The Tri-Service Vision Conservation and Readiness Program is the culmination of over 75 years of work to identify risks that threaten visual function and to implement reasonable controls, educate employees and encourage eye safety compliance.
During World War II, workers with the best vision and eye-hand coordination were often drafted into the armed services. This left the defense industries with workers who may have had amblyopia, poor stereopsis, or other visual anomalies. Because there was some concern that productivity would suffer or that there might be an increase in on-the-job injuries as a consequence of poor vision, Dr. Joseph Tiffin and researchers from Purdue University studied the visual demands required of 4 million workers at various defense plants throughout the United States. Their study eventually led to 10 job vision categories, which later became the 6 industrial vision standards which are still in use in industry today.
Since the Army's initial efforts in occupational vision, there has been gradual and steady progress to improve the program. In 1946, the Army Industrial Hygiene Laboratory, located at Edgewood Arsenal, Maryland, initiated occupational vision programs at various depots and arsenals located throughout the country. During the 1950's the program was expanded to include 90,000 federal civilian employees working in eye-hazardous areas at 19 Army installations. In the 1960's the Army's Occupational Vision Program was expanded even further to include soldiers working in eye-hazardous areas at all Army installations. However, the watershed year for occupational vision was 1971 when the Occupational Safety and Health Act mandated that employers must supply eye protection for all employees working in eye-hazardous areas (at no cost to the employee). Previously, eye safety was the responsibility of the employee.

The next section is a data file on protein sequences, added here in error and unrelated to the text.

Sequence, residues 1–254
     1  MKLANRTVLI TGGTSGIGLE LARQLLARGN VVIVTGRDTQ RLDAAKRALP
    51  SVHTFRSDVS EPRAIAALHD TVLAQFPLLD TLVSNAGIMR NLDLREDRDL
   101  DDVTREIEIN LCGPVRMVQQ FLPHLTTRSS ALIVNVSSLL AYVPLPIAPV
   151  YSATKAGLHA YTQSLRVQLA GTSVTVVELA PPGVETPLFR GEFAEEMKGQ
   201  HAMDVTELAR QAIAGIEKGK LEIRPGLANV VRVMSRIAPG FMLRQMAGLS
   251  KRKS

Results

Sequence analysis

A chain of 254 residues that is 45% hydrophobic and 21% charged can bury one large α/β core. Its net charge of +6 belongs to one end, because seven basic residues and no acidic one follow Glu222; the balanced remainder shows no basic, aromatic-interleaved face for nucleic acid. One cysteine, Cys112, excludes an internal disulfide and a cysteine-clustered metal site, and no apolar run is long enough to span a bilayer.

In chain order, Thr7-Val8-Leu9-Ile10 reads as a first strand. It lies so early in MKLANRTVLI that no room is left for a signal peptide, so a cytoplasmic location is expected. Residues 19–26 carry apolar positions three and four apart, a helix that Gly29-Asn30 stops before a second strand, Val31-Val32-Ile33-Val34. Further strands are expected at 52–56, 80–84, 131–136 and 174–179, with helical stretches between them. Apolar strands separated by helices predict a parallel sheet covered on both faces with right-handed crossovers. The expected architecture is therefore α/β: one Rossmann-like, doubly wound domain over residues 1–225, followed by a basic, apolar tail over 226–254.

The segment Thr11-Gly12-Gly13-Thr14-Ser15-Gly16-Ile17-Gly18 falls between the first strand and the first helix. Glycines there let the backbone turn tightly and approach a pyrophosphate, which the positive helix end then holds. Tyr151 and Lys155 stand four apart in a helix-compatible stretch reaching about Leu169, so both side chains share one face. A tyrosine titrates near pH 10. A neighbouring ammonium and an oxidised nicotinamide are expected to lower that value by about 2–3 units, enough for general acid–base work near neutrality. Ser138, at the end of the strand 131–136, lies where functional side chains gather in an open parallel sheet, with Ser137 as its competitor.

The year 1991 brought about significant changes in the Army's Occupational Vision Program, including its name change to the Army Vision Conservation Program. The new program is comprised of three elements: occupational vision, eye safety, and environmental vision. The definition of occupational vision was: "to provide soldiers and civilian workers with the best vision possible to work and recreate safely, productively, efficiently, and comfortably." The goal of eye safety was: "to eliminate eye injuries through the use of training, administrative and engineering controls, and by providing individuals with personal eye protection." In addition, efforts in environmental vision were added and directed towards: "evaluating and providing solutions for environmental problems, such as illumination, ionizing radiation, and non-ionizing radiation, which may impact negatively on visual efficiency and health."
Within the occupational vision element are several components: vision and optical readiness, vision screening and eye examinations, and vision conservation education. For the last fifty plus years, military optometrists have done an excellent job evaluating, examining, and prescribing for the visual needs of their patients -- soldiers, dependents, retirees, and retired dependents. However, Operation Desert Shield/Storm (ODS/S) demonstrated that 23 percent of the troops deploying were not vision ready (i.e. their prescriptions were not current and did not allow them 20/20 vision), and 46 percent of the troops were not optically ready (i.e. the troops did not have the prerequisite 2 pairs of spectacles and/or 1 pair of protective mask inserts) to go to war. This resulted in the military optical laboratories having to fabricate over 1 million pairs of spectacles and/or inserts in support of the deploying troops in a very short period of time. This resulted in the establishment of initiatives of the vision conservation program ensuring that all warfighters are visually and optically ready for deployment at any time.